I am interested in the following integral related to the Chebyshev polynomials

$$I_{n,m}:= \int_0^\pi \left(\frac {\sin nx}{\sin x}\right)^{m} dx,$$

where $n,m\in \mathbb{Z}^+.$

It is easy to see the following result.

For an even number $n \in \mathbb{Z}^+$ and an odd number $m \in \mathbb{N}$, we have

$$I_{n,m}=0.$$

The nonzero $I_{n,m}$ are the so called central multinomial coefficients , the largest coefficient of $(1+x+x^2\cdots +x^{n-1})^m$.

I conjecture that if $I_{n,m}\neq 0$, then the $I_{n,m}$ is a polynomial $P(n)$ of degree $m-1$.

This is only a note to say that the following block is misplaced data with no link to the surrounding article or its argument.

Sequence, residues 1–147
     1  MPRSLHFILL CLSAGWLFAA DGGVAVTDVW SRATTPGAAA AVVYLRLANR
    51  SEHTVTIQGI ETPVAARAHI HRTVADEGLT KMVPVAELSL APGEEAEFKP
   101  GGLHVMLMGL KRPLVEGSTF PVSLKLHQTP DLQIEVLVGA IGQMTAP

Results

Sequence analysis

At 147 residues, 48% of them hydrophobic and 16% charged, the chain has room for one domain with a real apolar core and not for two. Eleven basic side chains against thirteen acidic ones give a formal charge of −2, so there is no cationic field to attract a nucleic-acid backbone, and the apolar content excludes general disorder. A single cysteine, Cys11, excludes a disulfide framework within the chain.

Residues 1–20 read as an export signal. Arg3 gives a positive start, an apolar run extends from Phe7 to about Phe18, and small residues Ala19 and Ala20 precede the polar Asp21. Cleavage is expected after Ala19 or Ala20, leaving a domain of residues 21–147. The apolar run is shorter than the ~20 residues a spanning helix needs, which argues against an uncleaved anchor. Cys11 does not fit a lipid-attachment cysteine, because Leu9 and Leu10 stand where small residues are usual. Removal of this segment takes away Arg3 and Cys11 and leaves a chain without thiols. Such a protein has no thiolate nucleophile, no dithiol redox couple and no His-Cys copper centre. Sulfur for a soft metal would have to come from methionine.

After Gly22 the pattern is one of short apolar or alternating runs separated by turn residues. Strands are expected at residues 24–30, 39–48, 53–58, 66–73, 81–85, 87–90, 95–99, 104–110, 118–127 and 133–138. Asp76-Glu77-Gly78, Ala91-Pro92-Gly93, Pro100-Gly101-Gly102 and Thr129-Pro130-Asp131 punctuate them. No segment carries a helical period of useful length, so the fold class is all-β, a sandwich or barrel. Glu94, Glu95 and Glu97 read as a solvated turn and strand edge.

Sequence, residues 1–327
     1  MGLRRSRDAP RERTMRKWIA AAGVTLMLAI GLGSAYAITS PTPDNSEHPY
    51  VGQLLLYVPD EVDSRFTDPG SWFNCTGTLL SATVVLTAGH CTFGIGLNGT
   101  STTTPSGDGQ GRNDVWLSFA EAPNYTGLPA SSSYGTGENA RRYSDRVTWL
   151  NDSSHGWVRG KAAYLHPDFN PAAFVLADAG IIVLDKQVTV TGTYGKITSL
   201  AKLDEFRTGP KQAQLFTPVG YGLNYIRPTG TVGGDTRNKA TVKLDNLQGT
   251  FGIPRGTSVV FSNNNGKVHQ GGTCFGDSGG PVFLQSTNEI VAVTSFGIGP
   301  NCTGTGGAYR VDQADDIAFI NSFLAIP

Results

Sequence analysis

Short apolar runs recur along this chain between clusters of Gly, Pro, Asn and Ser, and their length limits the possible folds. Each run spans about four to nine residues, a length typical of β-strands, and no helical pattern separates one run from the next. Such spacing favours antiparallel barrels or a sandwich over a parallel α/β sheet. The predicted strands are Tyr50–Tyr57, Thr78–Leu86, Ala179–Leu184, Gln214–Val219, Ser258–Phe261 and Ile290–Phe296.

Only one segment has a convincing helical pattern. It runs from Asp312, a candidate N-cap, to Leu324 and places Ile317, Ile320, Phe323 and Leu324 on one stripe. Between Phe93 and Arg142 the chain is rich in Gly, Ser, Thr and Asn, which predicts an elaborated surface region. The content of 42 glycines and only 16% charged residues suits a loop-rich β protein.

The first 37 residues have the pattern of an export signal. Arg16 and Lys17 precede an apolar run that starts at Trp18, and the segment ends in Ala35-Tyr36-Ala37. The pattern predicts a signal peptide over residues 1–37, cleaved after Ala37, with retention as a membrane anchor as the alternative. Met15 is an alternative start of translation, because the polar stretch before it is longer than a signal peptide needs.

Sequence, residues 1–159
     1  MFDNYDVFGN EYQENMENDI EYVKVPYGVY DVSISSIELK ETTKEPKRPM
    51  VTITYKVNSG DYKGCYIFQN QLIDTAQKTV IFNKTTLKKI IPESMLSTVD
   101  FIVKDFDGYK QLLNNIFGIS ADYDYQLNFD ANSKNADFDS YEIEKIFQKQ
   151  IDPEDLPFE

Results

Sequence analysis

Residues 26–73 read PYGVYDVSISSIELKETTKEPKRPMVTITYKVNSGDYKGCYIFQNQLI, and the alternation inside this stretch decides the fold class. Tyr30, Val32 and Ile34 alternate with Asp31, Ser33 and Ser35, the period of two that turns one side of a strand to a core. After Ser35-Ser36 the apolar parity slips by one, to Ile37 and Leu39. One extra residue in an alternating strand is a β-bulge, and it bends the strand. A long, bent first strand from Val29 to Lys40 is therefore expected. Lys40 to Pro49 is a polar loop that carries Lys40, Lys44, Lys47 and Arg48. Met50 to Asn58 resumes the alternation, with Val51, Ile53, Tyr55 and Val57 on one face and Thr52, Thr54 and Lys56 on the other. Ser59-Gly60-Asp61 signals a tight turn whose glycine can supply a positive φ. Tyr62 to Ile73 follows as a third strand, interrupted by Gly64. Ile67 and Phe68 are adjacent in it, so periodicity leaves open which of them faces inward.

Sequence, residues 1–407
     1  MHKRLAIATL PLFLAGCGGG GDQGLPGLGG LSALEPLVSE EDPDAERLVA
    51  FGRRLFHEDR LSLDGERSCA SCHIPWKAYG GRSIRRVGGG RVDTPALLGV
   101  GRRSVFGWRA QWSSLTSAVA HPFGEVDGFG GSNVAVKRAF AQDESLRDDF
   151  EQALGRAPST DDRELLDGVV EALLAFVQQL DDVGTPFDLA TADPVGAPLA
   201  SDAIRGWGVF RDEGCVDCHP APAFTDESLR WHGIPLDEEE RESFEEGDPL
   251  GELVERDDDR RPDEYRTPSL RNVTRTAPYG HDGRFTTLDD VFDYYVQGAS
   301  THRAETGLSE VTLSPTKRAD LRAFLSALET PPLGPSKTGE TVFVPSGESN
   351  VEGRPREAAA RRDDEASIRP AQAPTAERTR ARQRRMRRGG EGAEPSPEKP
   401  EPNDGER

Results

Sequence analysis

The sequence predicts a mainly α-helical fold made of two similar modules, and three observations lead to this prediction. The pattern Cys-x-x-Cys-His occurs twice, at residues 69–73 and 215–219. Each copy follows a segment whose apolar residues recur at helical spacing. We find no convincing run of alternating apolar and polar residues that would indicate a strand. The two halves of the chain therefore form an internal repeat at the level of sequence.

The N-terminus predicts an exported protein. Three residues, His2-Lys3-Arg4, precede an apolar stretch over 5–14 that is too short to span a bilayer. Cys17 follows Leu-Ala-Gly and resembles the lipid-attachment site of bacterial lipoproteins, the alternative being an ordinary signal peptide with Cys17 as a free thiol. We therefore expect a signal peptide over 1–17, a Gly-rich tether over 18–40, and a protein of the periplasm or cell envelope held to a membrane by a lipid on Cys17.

For example, the following results have been proved :

$\displaystyle I_{n,1} = \pi\enspace$ for odd $\,n\,$, otherwise $\,0\,$;

$\displaystyle I_{n,2} = \pi n$;

$\displaystyle I_{n,3} =\frac{\pi}{4}(1+3n^2)\enspace$ for odd $\,n\,$, otherwise $\,0\,$;

$\displaystyle I_{n,4}= \frac{\pi n}{3}(1+2n^2)$.

But in the general case, I have no idea about the proof of the conjecture. If this conjecture is true, then for $\forall n,m\in \mathbb{Z}^+ $, we can determine $I_{n,m}$ by the method of interpolation.

If someone can give some suggestion or opinion on the proof of the conjecture, I will appreciate it.